News | First lady forms new foundation to focus on Houston’s alarming literacy stats

October 10, 2014

By Emily Wilkinson | Houston Business Journal

Known for her wit and honesty and one of America’s most admired and loved first ladies, Barbara Bush’s legacy will undoubtedly be her impact on the state of literacy in the U.S.

As a new bride and young mother, Bush moved to Texas in 1948 for the same reason millions move to the Lone Star State today — her husband had a job in energy.

After graduating from Yale University, former president George H.W. Bush took a job with Dresser Industries in Odessa, kickstarting his successful career in oil and gas before entering politics. It was the latter, however, that gave Barbara the opportunity to be an advocate for a cause she was passionate about: literacy.

When George was elected the 41st president of the U.S. in 1989, she launched the Barbara Bush Foundation for Family Literacy, a national foundation based in Tallahassee, Florida.

Twenty-five years later, the Barbara BushHouston Literacy Foundation was started by her son and daughter-in-law, Neil and Maria Bush, to focus solely on the state of literacy in the Bayou City. In Houston, one in five adults — roughly 330,000 people — is considered functionally illiterate.

When did you first become a literacy advocate? After George was elected vice president. I had already recognized illiteracy was a problem, of course, but it was only after I became the wife of the vice president that enough people cared what I said.

September is family literacy month. How important is family interaction in regards to literacy? Studies show that if the parents cannot read, their children are more likely to be illiterate — or at least have reading and learning difficulties. We’re working every day to change that.

What is the background behind creating a separate Houston-based literacy foundation last year? An idea that Neil and Maria have of making Houston a model city that others could follow.

How do you stay enthusiastic given the inevitable challenges? We’re making progress. We have a long way to go, but when you meet the parents and children who have had the courage to step up and seek help and change their own lives — nothing in the world can beat that.

What would you categorize as the biggest success or milestone of your foundation? I guess it is the fact that many organizations have taken literacy on as their own cause.

How has philanthropy changed over the years? Maybe it’s the fact that more people get involved and help worthwhile causes these days. One thing that hasn’t changed is that Houstonians have the biggest, most generous hearts.

What’s the toughest lesson you’ve learned in your lifetime? When (daughter) Robin died (of leukemia at age 3), I realized after several months that this was not only my loss, but that of George and George W. and me. We all loved her. I had not been thinking of their loss. They thought of me and helped me through that awful time.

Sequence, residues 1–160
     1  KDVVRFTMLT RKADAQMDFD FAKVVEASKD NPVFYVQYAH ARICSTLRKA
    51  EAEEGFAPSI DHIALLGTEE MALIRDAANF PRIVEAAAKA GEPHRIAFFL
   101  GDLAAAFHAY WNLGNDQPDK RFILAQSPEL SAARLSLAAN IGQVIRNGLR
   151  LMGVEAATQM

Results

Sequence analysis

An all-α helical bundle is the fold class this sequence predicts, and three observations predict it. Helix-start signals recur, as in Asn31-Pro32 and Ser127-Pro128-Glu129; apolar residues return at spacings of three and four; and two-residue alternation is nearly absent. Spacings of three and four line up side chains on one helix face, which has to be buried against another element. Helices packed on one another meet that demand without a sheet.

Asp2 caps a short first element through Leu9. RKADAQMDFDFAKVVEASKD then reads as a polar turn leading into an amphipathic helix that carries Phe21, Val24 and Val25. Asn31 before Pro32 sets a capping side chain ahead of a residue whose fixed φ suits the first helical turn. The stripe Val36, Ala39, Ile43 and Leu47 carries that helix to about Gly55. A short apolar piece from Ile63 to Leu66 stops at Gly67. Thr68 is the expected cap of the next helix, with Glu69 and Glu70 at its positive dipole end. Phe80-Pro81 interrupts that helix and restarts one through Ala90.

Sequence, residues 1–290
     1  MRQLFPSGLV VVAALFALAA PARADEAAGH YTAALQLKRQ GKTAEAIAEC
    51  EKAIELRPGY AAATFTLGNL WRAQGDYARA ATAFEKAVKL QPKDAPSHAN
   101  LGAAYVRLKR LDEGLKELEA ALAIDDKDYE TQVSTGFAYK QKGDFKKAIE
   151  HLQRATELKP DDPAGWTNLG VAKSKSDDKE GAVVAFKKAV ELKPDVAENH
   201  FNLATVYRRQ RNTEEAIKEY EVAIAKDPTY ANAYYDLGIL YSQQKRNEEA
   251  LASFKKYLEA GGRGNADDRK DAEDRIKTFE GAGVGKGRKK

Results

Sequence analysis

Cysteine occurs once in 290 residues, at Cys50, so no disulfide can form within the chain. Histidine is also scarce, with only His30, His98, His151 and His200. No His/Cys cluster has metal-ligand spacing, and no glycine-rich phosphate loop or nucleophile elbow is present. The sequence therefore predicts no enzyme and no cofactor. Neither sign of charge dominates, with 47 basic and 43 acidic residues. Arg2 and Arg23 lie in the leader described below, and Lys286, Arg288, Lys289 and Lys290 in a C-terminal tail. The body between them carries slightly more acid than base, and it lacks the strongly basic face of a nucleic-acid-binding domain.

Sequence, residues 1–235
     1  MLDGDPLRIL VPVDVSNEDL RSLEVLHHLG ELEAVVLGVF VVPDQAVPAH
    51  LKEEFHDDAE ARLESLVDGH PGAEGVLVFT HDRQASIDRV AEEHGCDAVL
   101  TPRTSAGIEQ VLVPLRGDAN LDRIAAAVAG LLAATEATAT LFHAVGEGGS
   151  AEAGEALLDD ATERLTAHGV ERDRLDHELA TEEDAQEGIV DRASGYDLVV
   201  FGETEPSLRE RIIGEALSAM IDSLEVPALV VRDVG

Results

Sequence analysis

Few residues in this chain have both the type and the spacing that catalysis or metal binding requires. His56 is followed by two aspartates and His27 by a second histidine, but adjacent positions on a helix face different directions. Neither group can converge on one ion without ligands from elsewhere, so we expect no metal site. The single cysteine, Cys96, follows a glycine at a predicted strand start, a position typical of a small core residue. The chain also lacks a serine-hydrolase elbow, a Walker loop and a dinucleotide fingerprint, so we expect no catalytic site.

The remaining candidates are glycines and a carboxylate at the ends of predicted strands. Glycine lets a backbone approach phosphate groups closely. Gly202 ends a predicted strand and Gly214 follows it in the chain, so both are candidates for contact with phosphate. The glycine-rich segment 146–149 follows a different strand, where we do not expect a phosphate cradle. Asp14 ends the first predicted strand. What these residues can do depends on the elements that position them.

What’s the biggest change you’ve noticed in Houston over the years? The huge growth of the city — our present home was a country dirt road when we moved to Houston. The traffic has changed; the available and wonderful hospitals. I don’t know if this is a change, but again, Houston is the most generous city.

Will you be jumping out of a plane on your 90th birthday next year like your husband did on his? Only if it is on fire. And then I’d have to be pushed.

 

Closer Look

Barbara Bush— former first lady

Age: 89

Hometown: Rye, New York

Family: Husband of 69 years, George H.W. Bush, five children, 20 grandchildren, four great-grandchildren, with a fifth on the way

What’s the last book you read? “Thomas Jefferson” by Jon Meacham. “I listen to books mostly when walking the dogs.”

What are some of your favorite children’s books? “Depends on the age. 'Goodnight Moon' for a baby. All animal stories and mysteries like Agatha Christie's.”

Favorite Houston restaurant? “Love them all.”

Favorite Houston landmark? “The George Bush Monument”

Coffee or tea? “Both — coffee in the morning and tea in afternoon.”

 

Barbara Bush Houston Literacy Foundation

HQ: Houston

Founded: 2013

Top execs: Neil and Maria Bush, co-chairs; Julie Baker Finck, president

Mission: Improve the quality of life of Houstonians across all ages through the power of literacy

Goals: Raise awareness of Houston’s literacy crisis, ensure every child enters kindergarten ready to read, ensure every child reads proficiently by the end of third grade, ensure every young adult graduates on time with the literacy skills needed for the workforce or higher education, ensure every functionally illiterate adult is able to integrate into the workforce and succeed in everyday life, establish a sustainable system that supports and builds capacity for ongoing literacy success.

60% of children in Houston do not possess the literacy skills expected upon entering kindergarten

24% of Houston third graders performed unsatisfactory on the STAAR reading exam

50% of high school students who took the STAAR English I exam performed unsatisfactorily

Source: Barbara Bush Houston Literacy Foundation